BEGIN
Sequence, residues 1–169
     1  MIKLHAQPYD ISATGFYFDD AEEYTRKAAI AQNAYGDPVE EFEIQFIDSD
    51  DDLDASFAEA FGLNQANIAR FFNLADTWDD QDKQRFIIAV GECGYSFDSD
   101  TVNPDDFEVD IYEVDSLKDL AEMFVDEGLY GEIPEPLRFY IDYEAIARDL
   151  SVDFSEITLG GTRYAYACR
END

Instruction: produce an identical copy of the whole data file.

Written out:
Sequence, residues 1–169
     1  MIKLHAQPYD ISATGFYFDD AEEYTRKAAI AQNAYGDPVE EFEIQFIDSD
    51  DDLDASFAEA FGLNQANIAR FFNLADTWDD QDKQRFIIAV GECGYSFDSD
   101  TVNPDDFEVD IYEVDSLKDL AEMFVDEGLY GEIPEPLRFY IDYEAIARDL
   151  SVDFSEITLG GTRYAYACR